Measured O.G: 1.076 (Aiming for 1.080)
Measured F.G:

Mash: 153.5°F:


43.3%  Paul's Mild Malt
33.7%  TF Golden Promise
2.9%  Medium Crystal
1.9%  TF Dark Crystal II
18.2% Invert 3#


Fuggles          60          45.7 IBUs
EKG              30          37.4 IBUs


Wyeast 1318

Friday, 19 September 2014

Brew Day: Sour Red Ale (plus Yeast Choice for Sour Beers)

As I've mentioned here before, I'm pretty interested in the links between the brewing traditions of Belgium and England, and in particular the effects that brettanomyces and LAB might have had on historical English stock ales.  I'm planning a couple more semi-historical brews in the next few months, but today I thought it would be interesting to try something completely different.  Rather than base my beer on a historical recipe, I came up with a pretty standard home brew recipe for a Flanders Red, and then substituted British ingredients for the Belgian ones.  The result looks nothing like any of the historical recipes for English stock ales I've seen on Ron Pattinson's blog or in his book (my main sources for this kind of thing).  There's too much crystal malt, no brewing sugar, and the hopping is pitifully low compared to the massive quantities in these old recipes.  It makes me wonder about how recipes for Flanders beers have changed over the past few centuries.  For instance, did they also previously rely on brewing sugars and smallish quantities of roasted malt for colour?  Presumably, if sourness was a goal, they might not have been hopped so aggressively---but then again, the hopping rates in lambics are on a par with these English stock ales, though typically with aged rather than fresh hops. Are recipes for porters and stock ales from the 1860s a good guide to the beers Eugene Rodenbach brewed when he returned to Belgium after working in England?  Was there a tradition of red and brown sour ales in the region before then?    I still don't know very much about the historical connections between the traditions behind these beers, but I'm sure some of this information is out there to find.

Anyway, I figured this recipe would produce a nice sour red ale, and I'm looking forward to the results, though I don't have any clear idea of how it might differ from a standard Flanders Red.  The general consensus seems to be that there is plenty of variation between malts from different countries---not just in the obvious cases (i.e. compare pilsner to Maris Otter), but also between things like crystal malts rated at the same colour level.  Perhaps this will result in subtle (or not so subtle!) differences in the final beer; or perhaps the sourness and funk will cover all of this up.  I don't have enough experience with different maltsters to hazard a guess here. I'm planning to use Wyeast 1318 for primary fermentation (much more on that below!), and then to use a small amount of a year old Flanders Red (perhaps along with some of its yeast cake) to inoculate the new beer as I rack the old one onto a blend of sour cherries and raspberries.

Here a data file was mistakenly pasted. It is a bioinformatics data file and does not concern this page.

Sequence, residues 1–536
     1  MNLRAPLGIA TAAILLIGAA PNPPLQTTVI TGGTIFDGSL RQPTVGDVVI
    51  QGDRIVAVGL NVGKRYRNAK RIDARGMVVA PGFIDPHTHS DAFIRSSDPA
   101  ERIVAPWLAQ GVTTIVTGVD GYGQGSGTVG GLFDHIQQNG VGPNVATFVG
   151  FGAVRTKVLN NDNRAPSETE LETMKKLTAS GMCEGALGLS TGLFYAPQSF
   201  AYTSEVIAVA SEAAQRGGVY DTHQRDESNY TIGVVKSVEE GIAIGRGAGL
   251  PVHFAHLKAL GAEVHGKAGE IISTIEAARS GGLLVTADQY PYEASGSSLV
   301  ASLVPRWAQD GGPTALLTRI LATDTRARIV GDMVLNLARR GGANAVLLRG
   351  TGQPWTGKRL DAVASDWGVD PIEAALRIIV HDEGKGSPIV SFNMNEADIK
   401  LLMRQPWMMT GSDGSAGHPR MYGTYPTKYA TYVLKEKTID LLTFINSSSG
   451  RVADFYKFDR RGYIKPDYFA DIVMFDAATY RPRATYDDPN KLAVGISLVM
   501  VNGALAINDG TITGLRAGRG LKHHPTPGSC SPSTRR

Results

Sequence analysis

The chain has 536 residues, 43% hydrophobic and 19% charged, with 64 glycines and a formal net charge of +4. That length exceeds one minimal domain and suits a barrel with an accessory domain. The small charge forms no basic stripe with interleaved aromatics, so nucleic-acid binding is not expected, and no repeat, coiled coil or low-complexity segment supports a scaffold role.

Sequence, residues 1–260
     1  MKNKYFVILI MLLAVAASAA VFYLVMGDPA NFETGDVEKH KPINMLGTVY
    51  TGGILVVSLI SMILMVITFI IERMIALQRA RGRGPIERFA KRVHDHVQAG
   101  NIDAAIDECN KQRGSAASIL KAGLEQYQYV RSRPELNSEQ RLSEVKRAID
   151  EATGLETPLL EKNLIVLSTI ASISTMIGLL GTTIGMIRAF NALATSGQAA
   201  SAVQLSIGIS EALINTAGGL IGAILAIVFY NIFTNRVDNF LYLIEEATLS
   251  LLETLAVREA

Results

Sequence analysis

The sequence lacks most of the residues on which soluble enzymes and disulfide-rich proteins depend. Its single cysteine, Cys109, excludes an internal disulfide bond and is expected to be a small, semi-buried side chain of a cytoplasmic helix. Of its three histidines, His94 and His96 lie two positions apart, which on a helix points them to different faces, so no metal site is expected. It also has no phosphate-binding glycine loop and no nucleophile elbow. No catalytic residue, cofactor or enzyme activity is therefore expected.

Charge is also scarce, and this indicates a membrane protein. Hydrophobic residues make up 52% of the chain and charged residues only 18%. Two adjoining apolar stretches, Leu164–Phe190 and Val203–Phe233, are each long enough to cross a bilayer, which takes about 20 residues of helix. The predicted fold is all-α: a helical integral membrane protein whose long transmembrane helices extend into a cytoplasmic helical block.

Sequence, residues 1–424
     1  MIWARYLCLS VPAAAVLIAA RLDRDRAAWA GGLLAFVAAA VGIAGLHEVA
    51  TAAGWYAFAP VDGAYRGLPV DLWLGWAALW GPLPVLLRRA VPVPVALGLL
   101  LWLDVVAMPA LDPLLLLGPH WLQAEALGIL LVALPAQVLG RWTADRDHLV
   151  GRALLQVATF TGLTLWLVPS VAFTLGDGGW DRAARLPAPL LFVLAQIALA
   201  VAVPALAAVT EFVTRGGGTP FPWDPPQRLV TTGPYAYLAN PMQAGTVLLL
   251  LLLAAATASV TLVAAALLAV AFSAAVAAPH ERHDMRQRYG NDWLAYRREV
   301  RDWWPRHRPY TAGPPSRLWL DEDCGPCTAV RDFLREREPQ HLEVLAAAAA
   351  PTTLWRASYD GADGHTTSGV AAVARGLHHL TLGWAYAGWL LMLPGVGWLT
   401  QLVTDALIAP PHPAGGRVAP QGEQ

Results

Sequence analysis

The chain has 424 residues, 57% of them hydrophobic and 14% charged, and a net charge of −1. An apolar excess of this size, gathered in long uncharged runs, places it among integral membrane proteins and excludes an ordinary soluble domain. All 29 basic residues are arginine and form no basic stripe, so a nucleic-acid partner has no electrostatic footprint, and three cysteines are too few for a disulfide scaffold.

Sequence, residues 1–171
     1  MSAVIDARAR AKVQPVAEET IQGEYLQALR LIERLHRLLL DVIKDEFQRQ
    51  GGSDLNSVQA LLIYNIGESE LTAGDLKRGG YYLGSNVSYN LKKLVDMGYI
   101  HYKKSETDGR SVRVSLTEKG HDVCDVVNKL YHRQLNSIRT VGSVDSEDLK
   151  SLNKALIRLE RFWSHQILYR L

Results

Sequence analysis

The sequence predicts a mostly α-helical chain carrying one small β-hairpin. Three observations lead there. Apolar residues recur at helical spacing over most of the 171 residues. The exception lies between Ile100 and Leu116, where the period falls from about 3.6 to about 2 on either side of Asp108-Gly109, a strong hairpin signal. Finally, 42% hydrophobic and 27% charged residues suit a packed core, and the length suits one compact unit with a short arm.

One thing I was thinking about while formulating this recipe was the difference that using an English yeast might make to the final beer---and on thinking this through, I came to the conclusion that I should be using English strains much more frequently when brewing sours.  I thought I'd indulge myself and type up these ramblings.  For those interested, the recipe for this beer is at the end of the post.

Yeast Choice and Sour Beer

I started with the thought there are two or three key things to think about when it comes to saccharomyces strains for sour beers:
  1. The amount of fermentable sugars they will leave for the lactic-acid producing bacteria.
  2. The precursors for brettanomyces-produced compounds they will leave in the fermented beer.
  3. The flavour contribution the strain will make to the final beer (assuming the flavours it produces survive the activity of the brettanomyces and bugs).
The significance of (1) is pretty obvious: if you want a sour beer, you need to make sure that the lactic-acid producing bacteria have enough fermentables to produce acid-levels to your taste.  One way of making sure there is plenty of sugars for the bugs is to use a strain of saccharomyces with a low attenuation rate for primary fermentation.  English yeast strains are obvious candidates here, since with the right handling they will finish with relatively high final gravities.  Of course, there are plenty of other ways to achieve the same result with more attenuative strains---mashing high, under-pitching, adding starches.  So (1) is inconclusive, but certainly doesn't speak against using an English strain.

With (2), however, things get more interesting.  Thanks to research by people like Chad Yakobson, home brewers are beginning to grip on the ways in which by-products of primary fermentation act as precursors for different flavours created by the ongoing activity of brettanomyces.  This set of slides from a talk by Chad Yakobson provides a good summary of some of his research; there's also information on this in Wild Brews and American Sour Beers; and there's more information in this thread on HBT.